Kawepo was reminding Fitzgerald that by the standards of his own religion, it seemed to be him and his fellows who were now pre-modern. And he was above that battle – and along with the majority of Maori outside the Waikato he tried to remain so. 

It was in every sense an intellectual battle for modernity carried out between Maori themselves, the battle set off by the teacher’s own misbehaviour, just as they were beginning to trust him. On the one side was the modern Enlightenment view embraced by more secular Maori, one valuing realism, reason, individualism, and capitalism; on the other, the supernatural, faith-based feudalism of old. Those leaning towards the pre-modern embraced the king, and with him a pre-modern Old Testament  view; those on the other side looking towards the bolder vision glimpsed with British arrival of “a civil society that lived without fighting.”[7] “A devout Christian such as Wiremu Tamihana could believe in a Maori nation led by a king. The incentives for more secular thinkers … was less obvious.”[8] Eighteenth-century theologian Friedrich Schleiermacher had stipulated that “The essence of religion consists in the feeling of absolute dependence.”[9] In this sense,“it is no coincidence that the leaders of all main Maori nationalist movements were mission-educated, and the movements themselves God-centred.”[10]
In a sense, it was a war for modernity against its opposite on both sides--the real and most important war being that inside individual Maori heads. “Maori were able to base … opposition to the government on the violation by government of its own principles.”[11] The modernists saw their battlefield as the courtroom. For the pre-modernists however, imbued with their own history of feudal warfare and Old Testament stories of Israelite victories at the hand of God, the opposition came armed.
“Whether to give allegiance at this juncture was a central question of Maori modernity.”[12] Secular leaders like Renata Kawepo were on the side of the modern. While not above criticising Maori who sucked up to government as “lickplates,” Kawepo and most Maori around the country rejected the king movement and refused them support. The so-called nationalist movement was in truth a retrograde alliance extending but little beyond the southern Waikato.

2. “Nothing Less Than Victory”[13]
At almost the same time as the rebellion in the Waikato, the United States was in a fierce struggle to resolve the contradiction that had lain within its own nation since birth: the principle of individual rights enshrined in its Constitution, against the right to keep slaves claimed by the slaveholding southern states. “The Civil War was a price paid for this contradiction,” turning into “a four-year nightmare that butchered more than 600,000.”[14]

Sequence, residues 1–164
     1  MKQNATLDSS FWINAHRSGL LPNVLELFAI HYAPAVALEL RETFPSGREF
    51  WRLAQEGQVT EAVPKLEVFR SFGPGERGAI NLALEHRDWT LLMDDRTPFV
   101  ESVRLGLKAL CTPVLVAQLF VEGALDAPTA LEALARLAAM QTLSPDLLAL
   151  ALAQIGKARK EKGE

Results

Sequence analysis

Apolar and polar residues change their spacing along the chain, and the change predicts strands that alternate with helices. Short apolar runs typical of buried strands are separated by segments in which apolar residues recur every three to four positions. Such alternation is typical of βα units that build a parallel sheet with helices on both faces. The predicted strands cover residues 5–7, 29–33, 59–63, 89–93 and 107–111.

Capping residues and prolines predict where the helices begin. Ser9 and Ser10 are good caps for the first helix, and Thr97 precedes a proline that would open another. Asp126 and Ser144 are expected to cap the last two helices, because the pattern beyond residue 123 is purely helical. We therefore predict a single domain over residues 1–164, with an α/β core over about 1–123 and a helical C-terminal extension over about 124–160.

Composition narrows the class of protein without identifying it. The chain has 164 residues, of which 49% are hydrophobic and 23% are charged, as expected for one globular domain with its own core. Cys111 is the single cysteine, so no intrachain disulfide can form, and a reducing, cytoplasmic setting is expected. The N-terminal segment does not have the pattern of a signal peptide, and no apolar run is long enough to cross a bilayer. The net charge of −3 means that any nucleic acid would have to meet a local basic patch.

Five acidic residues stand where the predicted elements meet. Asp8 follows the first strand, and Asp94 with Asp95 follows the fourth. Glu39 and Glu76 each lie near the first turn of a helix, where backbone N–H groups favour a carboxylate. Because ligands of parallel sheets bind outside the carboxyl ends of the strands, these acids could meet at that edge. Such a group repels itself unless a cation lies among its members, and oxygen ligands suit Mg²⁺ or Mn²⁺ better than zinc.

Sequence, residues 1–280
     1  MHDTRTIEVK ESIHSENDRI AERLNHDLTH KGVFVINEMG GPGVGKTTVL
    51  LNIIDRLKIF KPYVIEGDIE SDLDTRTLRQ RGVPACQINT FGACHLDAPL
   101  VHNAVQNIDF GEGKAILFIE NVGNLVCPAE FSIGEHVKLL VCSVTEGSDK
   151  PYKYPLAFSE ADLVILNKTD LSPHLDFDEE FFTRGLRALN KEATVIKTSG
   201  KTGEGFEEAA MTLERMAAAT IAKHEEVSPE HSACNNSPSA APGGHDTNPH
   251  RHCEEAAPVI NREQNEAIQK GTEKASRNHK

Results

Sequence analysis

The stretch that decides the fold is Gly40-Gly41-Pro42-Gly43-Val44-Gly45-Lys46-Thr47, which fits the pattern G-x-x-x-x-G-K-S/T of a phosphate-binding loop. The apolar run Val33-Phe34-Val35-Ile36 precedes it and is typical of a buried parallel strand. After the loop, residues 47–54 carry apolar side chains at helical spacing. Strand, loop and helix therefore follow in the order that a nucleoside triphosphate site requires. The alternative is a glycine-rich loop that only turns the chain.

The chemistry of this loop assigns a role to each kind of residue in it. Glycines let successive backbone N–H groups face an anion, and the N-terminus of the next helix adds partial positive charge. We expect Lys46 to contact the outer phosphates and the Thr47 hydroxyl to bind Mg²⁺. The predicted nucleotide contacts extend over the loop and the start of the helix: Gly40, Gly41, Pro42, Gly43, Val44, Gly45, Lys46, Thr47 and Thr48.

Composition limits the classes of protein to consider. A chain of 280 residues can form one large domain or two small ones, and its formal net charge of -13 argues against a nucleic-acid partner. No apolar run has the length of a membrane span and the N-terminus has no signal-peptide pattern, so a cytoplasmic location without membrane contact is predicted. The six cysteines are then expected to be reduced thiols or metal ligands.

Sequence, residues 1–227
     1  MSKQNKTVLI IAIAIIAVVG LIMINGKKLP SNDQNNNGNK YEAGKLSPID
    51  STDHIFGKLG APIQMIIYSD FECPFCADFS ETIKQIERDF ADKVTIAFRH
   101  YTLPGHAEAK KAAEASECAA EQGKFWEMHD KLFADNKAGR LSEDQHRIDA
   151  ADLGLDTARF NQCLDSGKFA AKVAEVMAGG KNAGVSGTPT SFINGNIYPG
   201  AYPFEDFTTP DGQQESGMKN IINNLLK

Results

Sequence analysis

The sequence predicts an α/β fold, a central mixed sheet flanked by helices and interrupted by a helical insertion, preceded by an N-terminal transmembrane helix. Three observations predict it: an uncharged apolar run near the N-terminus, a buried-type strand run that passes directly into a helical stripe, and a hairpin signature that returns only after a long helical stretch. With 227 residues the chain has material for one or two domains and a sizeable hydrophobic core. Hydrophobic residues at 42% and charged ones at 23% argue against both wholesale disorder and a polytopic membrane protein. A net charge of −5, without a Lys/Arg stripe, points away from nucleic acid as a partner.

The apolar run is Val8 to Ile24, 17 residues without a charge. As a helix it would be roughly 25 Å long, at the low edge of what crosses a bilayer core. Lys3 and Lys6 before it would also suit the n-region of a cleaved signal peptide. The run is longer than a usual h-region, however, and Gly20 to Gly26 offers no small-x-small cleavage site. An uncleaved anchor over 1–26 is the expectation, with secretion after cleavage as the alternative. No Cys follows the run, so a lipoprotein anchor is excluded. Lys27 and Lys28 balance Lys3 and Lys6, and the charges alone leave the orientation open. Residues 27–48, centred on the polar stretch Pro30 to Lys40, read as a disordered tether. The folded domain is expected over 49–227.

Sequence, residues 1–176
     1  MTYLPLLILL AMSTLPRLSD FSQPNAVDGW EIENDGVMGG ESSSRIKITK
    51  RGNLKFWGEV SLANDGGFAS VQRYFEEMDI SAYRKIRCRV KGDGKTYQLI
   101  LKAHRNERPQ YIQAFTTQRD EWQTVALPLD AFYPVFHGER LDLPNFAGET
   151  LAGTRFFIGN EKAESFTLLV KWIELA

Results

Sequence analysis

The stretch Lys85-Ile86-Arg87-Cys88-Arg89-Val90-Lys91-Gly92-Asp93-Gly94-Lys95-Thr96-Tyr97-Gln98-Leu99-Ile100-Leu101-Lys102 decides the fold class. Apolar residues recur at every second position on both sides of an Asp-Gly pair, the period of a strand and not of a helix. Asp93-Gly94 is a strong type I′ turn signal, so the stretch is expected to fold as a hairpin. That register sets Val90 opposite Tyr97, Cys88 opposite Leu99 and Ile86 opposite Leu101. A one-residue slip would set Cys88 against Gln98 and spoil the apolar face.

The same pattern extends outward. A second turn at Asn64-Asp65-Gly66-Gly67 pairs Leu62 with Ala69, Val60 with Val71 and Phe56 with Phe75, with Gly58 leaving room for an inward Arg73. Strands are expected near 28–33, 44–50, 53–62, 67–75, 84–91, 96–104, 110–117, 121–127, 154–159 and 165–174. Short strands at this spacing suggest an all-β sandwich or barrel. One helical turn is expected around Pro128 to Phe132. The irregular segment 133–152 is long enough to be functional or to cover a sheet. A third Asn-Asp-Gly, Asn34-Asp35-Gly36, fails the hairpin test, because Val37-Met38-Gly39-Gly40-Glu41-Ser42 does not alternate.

The nightmare was only broken when Union General William Tecumseh Sherman resolved to take the war to those who had started it and show them what war looked like. Instead of taking the bait of chasing Confederate armies and attacking them on ground that they had chosen, he proposed an educational programme by military means – to “make Georgia howl,” he said[15]– marching his troops right through the centre of the South, tearing up rail lines, destroying communications, burning houses, crops and plantations, thoroughly and effectively laying waste “to the material and psychological foundations of the southern war effort.”[16]

Not to kill – that was not the primary goal – but to destroy the rebels’ means, their morale, and their will to continue the fighting.

Sherman blazed across the centre of the slave states and thoroughly savaged their morale. He set fire to Atlanta and with it collapsed the southern will to war[17]– a scene memorably depicted in Gone With the Wind -- and just five months later, American slavery and the pro-slave rebellion was over. 

It was not mere barbarism but a planned strategy: making it impossible for those supporting the war to evade the nature of what they were supporting while “not leaving any hope in the minds of southerners that an uprising could work”[18]– to “shock southern society to its roots by the sheer force of his demonstration” and at the same time to withdraw their very means of supporting the rebellion...

Continue reading:

>>>>>> READ THE WHOLE POST AT MY NEW BLOG:  'Politically Incorrect History of New Zealand' blog: War is Hell.

Atlanta burns, in a still from the 1937 film classic Gone With the Wind